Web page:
I should have expected this. It’s happened before.
I came home from Taos Toolbox and my first instinct was, and continues to be, to not talk about it. This happened with Viable Paradise; took months to discuss it with any real depth. Until I could, it was all surface details.
Conversation-safe details, like, “I was on time for my appointment with the Doctor. I love that she has after-work patient hours. If you’re searching for a new nurse practitioner, she’s great.” Unless the person you’re speaking with is someone already deeply trusted, you aren’t likely going to talk about the particulars of your breast exam, your pap smear, or your bloodwork.
Not that Taos was bodily invasive, but if we’re talking about the state of my writing craft the metaphor doesn’t break down.
If Viable Paradise gave me blocks of artist-grade clay, Taos gave me the stainless steel sculpting tools to transform that clay. I’m still getting used to the heft of them in my hand.
What I can tell you is that I woke every day before a dawn crawling slow and golden over the mountains. I watched prairie dogs chase, yip and dig in a garden plot their coterie took over years ago and transformed into a red-holed burrow. Deer with half-grown antlers fuzzy with sunlight moved noiselessly across the field, the parking lot, as untouchable and alien as anything I’ve ever seen. Storms rolled in, shattered parched ground with bullet raindrops. Mornings turned perfectly cold. A heat that was never hard, hills to climb no matter which route you walked. Pencils scribbled, keys clacked, and day after day of the finer points of the craft were laid out, explained and examined. And the people, who were of course amazing. Smart, witty, and trying hard to get it all down.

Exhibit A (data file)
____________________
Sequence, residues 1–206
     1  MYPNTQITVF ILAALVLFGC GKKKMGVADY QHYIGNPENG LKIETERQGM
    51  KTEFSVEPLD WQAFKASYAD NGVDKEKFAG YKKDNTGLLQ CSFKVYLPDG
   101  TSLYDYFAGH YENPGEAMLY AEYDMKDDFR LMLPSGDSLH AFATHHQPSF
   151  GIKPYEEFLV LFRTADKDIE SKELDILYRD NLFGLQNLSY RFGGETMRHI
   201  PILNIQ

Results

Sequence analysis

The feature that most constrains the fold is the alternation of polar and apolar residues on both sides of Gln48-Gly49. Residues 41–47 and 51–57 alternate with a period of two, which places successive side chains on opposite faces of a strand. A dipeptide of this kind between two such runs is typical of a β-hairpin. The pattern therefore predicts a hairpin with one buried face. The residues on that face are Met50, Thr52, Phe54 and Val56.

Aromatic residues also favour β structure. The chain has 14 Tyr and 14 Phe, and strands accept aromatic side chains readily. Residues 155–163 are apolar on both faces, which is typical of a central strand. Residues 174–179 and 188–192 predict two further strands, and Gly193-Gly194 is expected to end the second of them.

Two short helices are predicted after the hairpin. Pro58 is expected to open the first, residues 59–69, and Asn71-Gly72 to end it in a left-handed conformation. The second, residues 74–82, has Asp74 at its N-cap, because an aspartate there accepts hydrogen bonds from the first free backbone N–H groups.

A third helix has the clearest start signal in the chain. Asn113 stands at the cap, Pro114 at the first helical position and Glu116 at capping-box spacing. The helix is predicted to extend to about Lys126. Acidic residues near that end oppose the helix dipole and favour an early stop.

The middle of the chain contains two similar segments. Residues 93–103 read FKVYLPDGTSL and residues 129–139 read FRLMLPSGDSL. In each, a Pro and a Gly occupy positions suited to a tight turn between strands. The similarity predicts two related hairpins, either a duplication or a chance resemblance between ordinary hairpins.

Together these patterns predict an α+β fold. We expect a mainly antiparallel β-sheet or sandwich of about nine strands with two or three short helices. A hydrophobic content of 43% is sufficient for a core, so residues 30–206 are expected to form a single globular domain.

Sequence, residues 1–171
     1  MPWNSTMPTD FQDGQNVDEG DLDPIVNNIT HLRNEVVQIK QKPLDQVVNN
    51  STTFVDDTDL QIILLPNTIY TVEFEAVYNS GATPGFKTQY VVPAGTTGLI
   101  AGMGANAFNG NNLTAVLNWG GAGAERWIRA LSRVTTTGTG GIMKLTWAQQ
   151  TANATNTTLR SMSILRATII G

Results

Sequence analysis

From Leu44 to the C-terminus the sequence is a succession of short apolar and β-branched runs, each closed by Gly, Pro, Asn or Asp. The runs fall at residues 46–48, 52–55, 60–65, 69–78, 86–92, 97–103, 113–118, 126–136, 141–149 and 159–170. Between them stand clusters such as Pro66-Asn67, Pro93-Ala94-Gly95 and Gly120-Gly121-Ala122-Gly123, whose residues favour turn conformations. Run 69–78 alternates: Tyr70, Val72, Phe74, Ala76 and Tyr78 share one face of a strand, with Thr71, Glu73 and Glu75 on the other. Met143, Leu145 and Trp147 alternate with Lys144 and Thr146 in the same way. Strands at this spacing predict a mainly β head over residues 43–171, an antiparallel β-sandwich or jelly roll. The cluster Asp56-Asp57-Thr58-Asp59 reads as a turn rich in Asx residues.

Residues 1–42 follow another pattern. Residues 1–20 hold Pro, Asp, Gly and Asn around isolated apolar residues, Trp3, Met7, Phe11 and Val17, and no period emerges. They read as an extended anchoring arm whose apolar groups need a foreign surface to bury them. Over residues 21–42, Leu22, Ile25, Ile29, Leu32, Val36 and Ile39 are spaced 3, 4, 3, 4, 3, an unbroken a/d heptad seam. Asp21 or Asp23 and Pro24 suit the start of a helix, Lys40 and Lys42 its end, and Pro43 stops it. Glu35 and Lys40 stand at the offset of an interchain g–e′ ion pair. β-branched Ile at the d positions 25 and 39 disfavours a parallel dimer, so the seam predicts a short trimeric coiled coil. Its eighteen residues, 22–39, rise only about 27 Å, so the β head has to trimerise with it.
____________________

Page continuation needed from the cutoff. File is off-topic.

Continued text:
Like I said, surface details.
Pictured above: my little writing owl, made for me by my Sudbury writing group before I went to Viable Paradise. I couldn’t not bring the little fella along for Taos.